Some common MIME types relevant to WWW are:
"text"Content-Type which is used to represent textual information in a number of character sets and formatted text description languages in a standardised manner. The two most likely subtypes are:
text/plain: text with no special formatting requirements.
text/html: text with embedded HTML commands
"application"Content-Type, which is used to transmit application data or binary data. Two frequently used subtypes are:
application/postscript: The data is in PostScript, and should be fed to a PostScript interptreter.
application/binary: the data is in some unknown binary format, such as the results of a file transfer.
"image"Content-Type for transmitting still image (picture) data. There are many possible subtypes, but the ones most often used on WWW are:
image/gif: an image in the GIF format.
image/xbm: an image in the X Bitmap format.
image/jpeg: an image in the JPEG format.
type/subtypeis the MIME type and subtype for your output.
Next, you have to send the second line. With the current specification, THE SECOND LINE SHOULD BE BLANK. This means that it should have nothing on it except a linefeed. Once the server retrieves this line, it knows that you're finished telling the server about your output and will now begin the actual output. If you skip this line, the server will attempt to parse your output trying to find further information about your request and you will become very unhappy.
You can review a
REXX Code Fragment
giving an example of handling the
After these two lines have been outputted, any output to
stdout (e.g. a
REXX SAY command) will be included in the document sent to the client.
This output must be consistent with the
Content-type header. For
example if the header specified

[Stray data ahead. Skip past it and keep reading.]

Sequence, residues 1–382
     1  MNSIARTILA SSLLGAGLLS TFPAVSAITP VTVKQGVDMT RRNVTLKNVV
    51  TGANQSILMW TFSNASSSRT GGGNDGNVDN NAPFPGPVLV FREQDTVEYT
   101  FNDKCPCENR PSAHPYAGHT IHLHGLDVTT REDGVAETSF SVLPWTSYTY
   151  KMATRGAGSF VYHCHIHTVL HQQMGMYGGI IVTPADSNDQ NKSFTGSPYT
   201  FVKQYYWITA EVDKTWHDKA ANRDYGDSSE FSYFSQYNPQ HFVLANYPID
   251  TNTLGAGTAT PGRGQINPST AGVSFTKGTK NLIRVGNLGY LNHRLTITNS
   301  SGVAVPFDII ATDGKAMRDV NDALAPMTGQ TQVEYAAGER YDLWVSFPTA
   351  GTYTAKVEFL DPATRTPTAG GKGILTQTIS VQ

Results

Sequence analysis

Content-type text/html then the
following output must include HTML formatting such as using
<P> for starting new lines or <PRE>
to remove HTML's
stdoutis included in the document sent to the, diagnostics diagnostics outputted with the SAY command will appear in the document. You can review a REXX Code Fragment giving an example of diagnostic reporting.
If errors are encountered (e.g. no input provided, invalid characters found, too many arguments specified, requested an invalid command to be executed, invalid syntax or undefined variable encountered in the REXX script) the script should provide detailed information on what is wrong etc. It may be very useful to provide information on the settings of various WWW Environment Variables that are set.
The CGIerror, CGIdie and MyURL REXX PROCEDUREs in cgi-lib.rxx provide some assistance for error reporting. In addition review the REXX code fragments using CGIerror and using CGIdie and also typical CGIerror output and CGIdie output.
chmod o+x /u/sf/cottrell/bin/cgi1.rxx
chmod u+x /u/sf/cottrell/bin/cgi1.rxx
1 This article translated to Bulgarian by Gill Ajoft of Ajoft Softwares.
2 This article translated to German by Olga Babenko.
3 This article is translated to Polish by Abdul Sattar from Coupon Machine.
4 This article is translated to Serbo-Croatian by Anja Skrba from Webhostinggeeks.com.
5 This article is translated into Armenian by Gajk Melikyan for StudyBay.
6 This article is translated into Macedonian by Stoil Dragomirov.
7 This article is translated into Indonesian by Fira Widagdo of ChameleonJohn.
8 This article is translated into Greek by Dimitris Galatas.